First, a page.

Further study was performed to investigate whether HCl-driven GNPs aggregation could differentiate ssDNA with single-base substitution. We tested altogether 17 sequences (Table 1), including 5 wildtype oligonucleotides and 12 respective mutant oligonucleotides. Of the 12 single base-pair substitutions, 6 were transitions (C→T, G→A) and 6 were transversions (G→T, G→C). Upon addition of 1 M HCl to 50 μL GNPs solution incubated with a wildtype (wd) ssDNA 248WT, a dramatic color change from red to blue was observed within a few seconds, while solution containing the mutant (mt) ssDNA 248C–T became dark purple. The UV–vis spectra showed a significant shift in the surface plasmon resonance (SPR) from λmax = 520 nm to 644 nm for 248WT,while the adsorption peak shifted to 599 nm for 248C–T (Fig. 2). Thus oligonucleotides with one-base substitution could be distinguished clearly by a significant difference of λmaxof GNPs–wd ssDNA (644 nm) and GNPs–mt ssDNA (599 nm). We compared λmaxof 12 groups (Fig. 3), statistically significant differences were observed between wildtype and mutant sequences of all groups (P < 0.05, Student’st- test for paired data). We suggest that ssDNA with a single-base substitution should have different binding strength to GNPs, leading to different stabilization efficiency against HCl, which is confirmed by the UV–vis spectra (Fig. 2). This method enables detection of 10 picomole quantities of target DNA. Under alkaline conditions, there are no significant difference of λmaxbetween GNPs–wd ssDNA and GNPs–mt ssDNA.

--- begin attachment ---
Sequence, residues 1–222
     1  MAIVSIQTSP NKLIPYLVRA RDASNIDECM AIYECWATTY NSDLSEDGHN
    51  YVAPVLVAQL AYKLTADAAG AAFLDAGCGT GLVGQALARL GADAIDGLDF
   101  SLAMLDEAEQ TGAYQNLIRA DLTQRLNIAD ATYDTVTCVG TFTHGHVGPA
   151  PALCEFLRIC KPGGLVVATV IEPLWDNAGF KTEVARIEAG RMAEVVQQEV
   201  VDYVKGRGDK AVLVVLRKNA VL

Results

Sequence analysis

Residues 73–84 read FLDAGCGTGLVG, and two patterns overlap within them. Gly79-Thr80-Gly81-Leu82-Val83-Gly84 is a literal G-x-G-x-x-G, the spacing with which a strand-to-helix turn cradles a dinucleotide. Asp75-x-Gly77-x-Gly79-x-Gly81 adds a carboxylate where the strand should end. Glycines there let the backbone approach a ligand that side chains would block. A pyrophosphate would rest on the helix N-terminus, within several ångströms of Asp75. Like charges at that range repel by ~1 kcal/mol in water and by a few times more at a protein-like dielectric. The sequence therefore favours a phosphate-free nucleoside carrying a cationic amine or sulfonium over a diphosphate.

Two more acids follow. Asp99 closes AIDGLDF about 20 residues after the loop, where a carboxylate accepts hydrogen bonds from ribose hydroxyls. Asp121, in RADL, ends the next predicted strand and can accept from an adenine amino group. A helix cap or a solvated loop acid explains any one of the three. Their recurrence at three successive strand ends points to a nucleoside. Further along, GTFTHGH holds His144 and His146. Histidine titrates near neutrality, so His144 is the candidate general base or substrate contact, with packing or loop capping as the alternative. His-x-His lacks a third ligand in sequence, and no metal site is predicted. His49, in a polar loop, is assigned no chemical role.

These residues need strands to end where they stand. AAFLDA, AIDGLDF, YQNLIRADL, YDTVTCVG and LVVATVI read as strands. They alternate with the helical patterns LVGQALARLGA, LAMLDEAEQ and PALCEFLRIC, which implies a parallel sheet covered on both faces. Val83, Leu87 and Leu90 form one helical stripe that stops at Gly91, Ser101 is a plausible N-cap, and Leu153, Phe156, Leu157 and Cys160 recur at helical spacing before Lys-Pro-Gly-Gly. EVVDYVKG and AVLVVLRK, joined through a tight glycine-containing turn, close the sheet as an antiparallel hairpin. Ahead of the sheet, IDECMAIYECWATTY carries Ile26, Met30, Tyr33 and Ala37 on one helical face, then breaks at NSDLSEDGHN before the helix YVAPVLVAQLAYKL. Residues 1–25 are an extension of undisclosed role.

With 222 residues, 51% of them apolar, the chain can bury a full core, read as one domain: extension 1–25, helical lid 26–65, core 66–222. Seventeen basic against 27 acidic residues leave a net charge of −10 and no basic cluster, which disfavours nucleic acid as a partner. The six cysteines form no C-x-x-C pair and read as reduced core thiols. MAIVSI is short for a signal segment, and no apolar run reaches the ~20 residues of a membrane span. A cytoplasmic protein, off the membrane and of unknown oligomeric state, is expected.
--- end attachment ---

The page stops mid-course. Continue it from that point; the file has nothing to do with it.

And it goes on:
It is interesting that this HCl-driven GNPs assembly is reversible. When the pH was changed to 7.0 by addition of 1 M NaOH, the blue solution turned red. By addition of HCl, it changed to blue again. Figure 4shows the reversibility of the color change in alternating additions of aliquots of H+and OH−. Figure 5shows the changes in the absorption maximum, as the solution pH is cycled between 7.0 and 1.0 by the alternating addition of 1 M HCl or 1 M NaOH. UV–vis absorbance was measured after each pH change, which showed a transition between 520 nm and 650 nm. This phenomenon is very different from that of GNPs aggregation triggered by HCl without ssDNA protection, which is irreversible. However, the color of the GNPs solution becomes weaker (Fig. 4) and the difference of λmaxgradually decreases (Fig. 5) when the number of pH cycles is increased, which is caused presumably by dilution of the solution and degradation of DNA by repeated addition of strong acid and alkali. This suggests that the assembly and disassembly of the GNPs is partly reversible.